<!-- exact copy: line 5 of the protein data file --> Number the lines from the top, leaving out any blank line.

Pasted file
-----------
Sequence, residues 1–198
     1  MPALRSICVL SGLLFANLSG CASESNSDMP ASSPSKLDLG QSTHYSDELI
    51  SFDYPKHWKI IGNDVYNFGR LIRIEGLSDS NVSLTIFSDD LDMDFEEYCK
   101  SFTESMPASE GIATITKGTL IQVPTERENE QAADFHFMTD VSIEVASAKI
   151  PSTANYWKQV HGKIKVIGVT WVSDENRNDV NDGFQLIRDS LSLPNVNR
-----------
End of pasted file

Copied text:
   151  PSTANYWKQV HGKIKVIGVT WVSDENRNDV NDGFQLIRDS LSLPNVNR